Imagine this scene: you’ve locked yourself out of your apartment. You could climb in the window, call up a locksmith for emergency service, or finally put to use all of those hours you spent teaching the cat how to operate a deadbolt. Or you could walk to a nearby kiosk, provide a thumbprint, and receive an exact copy of your key.
Assuming you didn’t also lock your wallet inside, at least. Of course, all of this depends on having such a kiosk available and having the foresight to leave your thumbprint, e-mail address, and a scan of your key behind.
In a world where you can do everything from engraving an I.D. tag for your pet to buying cupcakes, wine and marijuana from some kind of automated kiosk, why do locksmiths and hardware stores control the important key-duplication market?
Enter the KeyMe kiosk, now available in five 7-Eleven stores in New York City. If the idea takes off, the company could expand: first to other dense, door-filled neighborhoods in Manhattan, then maybe to other areas. Maybe?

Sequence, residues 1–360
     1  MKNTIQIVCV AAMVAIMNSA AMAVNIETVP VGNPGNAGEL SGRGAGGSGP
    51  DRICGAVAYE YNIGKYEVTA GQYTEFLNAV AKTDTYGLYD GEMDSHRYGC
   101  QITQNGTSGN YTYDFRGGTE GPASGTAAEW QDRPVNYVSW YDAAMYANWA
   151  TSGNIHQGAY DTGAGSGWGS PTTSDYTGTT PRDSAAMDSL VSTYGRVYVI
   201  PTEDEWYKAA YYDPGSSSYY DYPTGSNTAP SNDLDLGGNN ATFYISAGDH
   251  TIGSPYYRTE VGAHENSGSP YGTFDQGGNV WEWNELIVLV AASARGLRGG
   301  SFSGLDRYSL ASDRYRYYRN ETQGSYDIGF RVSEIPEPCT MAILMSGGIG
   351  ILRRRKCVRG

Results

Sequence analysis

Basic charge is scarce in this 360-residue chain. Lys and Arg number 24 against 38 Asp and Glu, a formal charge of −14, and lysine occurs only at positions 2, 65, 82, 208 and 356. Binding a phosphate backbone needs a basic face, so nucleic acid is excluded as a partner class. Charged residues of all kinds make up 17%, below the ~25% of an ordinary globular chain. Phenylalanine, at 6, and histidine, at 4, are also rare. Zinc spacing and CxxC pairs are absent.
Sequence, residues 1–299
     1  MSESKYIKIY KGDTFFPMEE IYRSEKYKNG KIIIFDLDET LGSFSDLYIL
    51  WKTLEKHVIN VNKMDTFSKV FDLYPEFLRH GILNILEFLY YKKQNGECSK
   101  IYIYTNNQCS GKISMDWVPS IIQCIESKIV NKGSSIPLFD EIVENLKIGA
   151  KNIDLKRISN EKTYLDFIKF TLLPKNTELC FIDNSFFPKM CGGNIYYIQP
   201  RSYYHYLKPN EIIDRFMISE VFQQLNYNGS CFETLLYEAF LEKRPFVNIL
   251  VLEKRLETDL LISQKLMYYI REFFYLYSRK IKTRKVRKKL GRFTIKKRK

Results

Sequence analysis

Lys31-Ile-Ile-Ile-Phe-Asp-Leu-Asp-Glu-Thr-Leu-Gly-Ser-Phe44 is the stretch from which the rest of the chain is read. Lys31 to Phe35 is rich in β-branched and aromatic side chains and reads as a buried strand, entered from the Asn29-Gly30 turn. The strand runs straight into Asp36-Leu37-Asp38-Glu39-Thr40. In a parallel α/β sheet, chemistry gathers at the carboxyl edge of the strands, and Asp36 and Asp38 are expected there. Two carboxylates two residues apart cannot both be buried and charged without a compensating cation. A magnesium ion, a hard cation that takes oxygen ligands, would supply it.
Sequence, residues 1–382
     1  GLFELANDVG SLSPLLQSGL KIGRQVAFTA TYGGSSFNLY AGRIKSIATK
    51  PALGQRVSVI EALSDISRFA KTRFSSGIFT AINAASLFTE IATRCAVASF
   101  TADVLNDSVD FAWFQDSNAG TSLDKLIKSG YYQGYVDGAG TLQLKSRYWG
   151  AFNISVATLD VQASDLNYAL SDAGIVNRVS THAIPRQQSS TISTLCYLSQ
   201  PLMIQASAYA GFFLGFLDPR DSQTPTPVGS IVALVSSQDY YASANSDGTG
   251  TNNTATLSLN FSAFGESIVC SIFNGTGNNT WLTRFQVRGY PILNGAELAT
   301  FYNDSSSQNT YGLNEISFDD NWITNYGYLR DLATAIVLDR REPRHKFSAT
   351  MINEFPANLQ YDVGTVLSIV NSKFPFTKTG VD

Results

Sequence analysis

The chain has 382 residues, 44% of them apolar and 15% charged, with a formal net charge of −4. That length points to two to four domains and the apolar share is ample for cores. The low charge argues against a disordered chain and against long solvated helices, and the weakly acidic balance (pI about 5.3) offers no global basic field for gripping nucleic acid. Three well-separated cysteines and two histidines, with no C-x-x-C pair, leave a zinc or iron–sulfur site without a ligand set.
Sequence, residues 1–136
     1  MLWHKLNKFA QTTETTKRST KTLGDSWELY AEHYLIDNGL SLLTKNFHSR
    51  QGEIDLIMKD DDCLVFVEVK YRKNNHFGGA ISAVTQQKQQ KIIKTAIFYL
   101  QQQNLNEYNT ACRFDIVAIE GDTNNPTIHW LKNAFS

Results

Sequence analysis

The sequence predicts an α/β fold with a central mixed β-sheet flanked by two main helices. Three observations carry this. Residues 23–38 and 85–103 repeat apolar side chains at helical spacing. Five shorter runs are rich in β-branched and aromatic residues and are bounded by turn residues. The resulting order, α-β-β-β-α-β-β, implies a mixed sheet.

KeyMe even has an adorable, eBay-style origin story: the owner’s fiancée has a tendency to get locked out of their apartment, so he created this sort of ATM for keys.
The advantages of this kiosk:
- It eliminates pesky human interaction
- It’s open 24/7
- The whole “stores a copy of your key” thing
- You can get a key that doubles as a bottle opener, if that’s your thing
- Costs $20
- Isn’t available worldwide yet
- Doesn’t handle car or other advanced keys
‘Key-Osks’ Seek To Make Getting Locked Out A Thing Of The Past [CBS New York]
KeyMe [Official Site]